EPA rule forcing Texas energy company to lay-off workers

By Michael Tremoglie | Sep 13, 2011


Texas-based energy company Luminant announced Monday that it needs to close facilities and lay-off about 500 people so that it can be in compliance with the Environmental Protection Agency's Cross-State Air Pollution rule.

The rule requires Texas power generators to make reductions in emissions beginning next January.

But Luminant, the fifth largest purchaser of wind energy in the U.S., is suing to overturn the mandate at the U.S. Court of Appeals for the District of Columbia. It is also seeking a stay in the court action filed Monday.

The company must idle two generating units and cease mining Texas lignite at three mines for them to be in compliance with EPA's rule. It will also implement several other actions to reduce emissions, including making substantial investments in its facilities.

Luminant says that it supports continued efforts to improve air quality across the state and nation. Since 2005, for example, Luminant has achieved a 21 percent reduction in SO2 emissions, while at the same time increasing generation by 13 percent.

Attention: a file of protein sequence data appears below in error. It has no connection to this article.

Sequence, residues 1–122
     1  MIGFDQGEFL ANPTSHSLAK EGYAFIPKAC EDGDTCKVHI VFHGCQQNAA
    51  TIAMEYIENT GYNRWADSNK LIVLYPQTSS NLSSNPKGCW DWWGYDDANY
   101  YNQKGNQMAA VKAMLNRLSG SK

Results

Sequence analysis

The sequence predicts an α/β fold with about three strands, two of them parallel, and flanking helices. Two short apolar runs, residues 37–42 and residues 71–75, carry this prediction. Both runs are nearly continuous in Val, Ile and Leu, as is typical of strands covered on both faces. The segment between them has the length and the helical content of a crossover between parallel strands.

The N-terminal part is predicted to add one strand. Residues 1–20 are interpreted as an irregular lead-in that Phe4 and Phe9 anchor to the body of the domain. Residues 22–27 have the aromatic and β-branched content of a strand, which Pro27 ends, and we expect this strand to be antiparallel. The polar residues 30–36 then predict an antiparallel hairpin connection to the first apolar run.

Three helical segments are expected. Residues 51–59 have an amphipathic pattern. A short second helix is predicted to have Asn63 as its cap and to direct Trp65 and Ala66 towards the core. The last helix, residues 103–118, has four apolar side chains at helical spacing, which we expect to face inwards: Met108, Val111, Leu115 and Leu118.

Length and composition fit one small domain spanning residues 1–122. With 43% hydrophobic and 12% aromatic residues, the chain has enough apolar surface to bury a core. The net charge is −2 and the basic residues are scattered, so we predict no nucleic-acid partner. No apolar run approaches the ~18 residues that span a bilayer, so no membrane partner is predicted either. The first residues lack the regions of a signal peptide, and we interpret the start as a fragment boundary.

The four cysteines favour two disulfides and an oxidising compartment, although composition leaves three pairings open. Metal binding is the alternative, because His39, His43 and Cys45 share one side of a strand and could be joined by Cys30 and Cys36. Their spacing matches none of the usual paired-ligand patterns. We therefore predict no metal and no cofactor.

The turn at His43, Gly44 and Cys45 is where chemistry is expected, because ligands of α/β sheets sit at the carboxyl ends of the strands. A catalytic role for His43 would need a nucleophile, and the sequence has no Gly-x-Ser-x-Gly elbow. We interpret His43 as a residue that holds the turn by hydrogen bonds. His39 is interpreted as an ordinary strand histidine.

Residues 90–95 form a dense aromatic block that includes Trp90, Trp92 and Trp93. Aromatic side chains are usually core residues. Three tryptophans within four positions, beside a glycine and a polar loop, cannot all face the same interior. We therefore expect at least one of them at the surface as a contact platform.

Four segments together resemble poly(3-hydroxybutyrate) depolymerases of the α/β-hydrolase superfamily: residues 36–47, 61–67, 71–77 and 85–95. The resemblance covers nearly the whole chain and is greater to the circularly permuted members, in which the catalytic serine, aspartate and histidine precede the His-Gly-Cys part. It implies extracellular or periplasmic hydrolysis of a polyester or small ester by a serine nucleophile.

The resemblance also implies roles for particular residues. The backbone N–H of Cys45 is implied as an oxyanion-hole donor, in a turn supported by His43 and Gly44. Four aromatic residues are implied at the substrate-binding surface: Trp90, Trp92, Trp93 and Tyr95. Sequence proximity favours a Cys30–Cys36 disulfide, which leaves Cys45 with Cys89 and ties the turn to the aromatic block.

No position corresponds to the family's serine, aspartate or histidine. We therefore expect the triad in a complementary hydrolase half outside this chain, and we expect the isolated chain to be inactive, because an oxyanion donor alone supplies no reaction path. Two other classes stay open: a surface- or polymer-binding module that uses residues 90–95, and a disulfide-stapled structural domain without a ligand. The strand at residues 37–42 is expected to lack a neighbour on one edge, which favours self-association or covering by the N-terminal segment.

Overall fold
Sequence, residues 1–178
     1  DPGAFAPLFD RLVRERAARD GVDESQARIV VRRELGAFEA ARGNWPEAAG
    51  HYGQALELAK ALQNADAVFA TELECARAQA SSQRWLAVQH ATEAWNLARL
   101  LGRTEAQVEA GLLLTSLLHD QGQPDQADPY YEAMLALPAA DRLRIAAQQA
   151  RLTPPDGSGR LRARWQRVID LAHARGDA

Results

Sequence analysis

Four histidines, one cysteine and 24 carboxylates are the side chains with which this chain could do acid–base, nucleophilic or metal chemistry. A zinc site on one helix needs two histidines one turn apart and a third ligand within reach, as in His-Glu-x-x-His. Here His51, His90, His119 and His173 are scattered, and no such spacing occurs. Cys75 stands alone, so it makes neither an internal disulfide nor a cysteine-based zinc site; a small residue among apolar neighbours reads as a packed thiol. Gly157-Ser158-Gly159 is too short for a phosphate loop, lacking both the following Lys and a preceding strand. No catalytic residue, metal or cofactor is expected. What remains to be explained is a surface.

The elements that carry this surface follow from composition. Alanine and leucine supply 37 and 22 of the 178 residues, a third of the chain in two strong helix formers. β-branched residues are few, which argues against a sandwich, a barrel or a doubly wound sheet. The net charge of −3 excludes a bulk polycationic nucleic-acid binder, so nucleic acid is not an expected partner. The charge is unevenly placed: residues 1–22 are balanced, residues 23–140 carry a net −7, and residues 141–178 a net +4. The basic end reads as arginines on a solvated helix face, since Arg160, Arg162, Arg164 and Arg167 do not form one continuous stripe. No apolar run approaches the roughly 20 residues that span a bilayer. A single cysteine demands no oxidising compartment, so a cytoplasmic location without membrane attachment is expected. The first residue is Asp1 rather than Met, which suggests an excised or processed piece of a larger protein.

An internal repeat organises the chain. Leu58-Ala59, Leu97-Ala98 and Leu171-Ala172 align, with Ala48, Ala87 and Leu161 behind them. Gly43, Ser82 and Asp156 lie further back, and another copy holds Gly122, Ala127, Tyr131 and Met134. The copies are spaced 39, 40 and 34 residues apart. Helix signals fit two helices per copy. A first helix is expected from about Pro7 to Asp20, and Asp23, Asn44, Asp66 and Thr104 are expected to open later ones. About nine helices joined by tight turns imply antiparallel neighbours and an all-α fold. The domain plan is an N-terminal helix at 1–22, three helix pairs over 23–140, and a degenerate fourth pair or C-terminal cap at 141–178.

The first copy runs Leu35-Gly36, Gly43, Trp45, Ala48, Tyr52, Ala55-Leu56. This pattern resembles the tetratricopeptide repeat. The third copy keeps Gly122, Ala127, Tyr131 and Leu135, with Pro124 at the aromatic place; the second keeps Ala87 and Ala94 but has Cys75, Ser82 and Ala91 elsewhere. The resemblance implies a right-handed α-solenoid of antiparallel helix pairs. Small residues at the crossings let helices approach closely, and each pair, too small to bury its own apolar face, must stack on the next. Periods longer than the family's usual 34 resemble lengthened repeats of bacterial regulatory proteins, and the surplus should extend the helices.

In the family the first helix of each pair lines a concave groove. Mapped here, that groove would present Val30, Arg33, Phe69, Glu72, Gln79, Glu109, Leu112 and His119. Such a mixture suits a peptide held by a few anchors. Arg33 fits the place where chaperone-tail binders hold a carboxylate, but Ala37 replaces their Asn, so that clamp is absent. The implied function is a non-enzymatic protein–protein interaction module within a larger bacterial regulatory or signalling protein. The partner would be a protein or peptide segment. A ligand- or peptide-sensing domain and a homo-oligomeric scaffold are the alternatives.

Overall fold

David Campbell, Luminant's chief executive officer, issued a statement saying they are committed to complying, but are unable to meet the deadline.

"We have hundreds of employees who have spent their entire professional careers at Luminant and its predecessor companies," he said. "At every step of this process, we have tried to minimize these impacts, and it truly saddens me that we are being compelled to take the actions we've announced today. We have filed suit to try to avoid these consequences."

"The company's legal action is part of a broader effort, supported by a large and bipartisan contingent of political and community leaders, to achieve these goals without harming critically important Texas jobs and electric reliability," Luminant's announcement stated.

Luminant says the rule's mandates for Texas are unlawful because a year ago, the EPA's proposed rule did not include Texas in the annual SO2 and NOx reductions programs. Now they do and it is an impossible requirement to meet by the deadline, according to Luminant.

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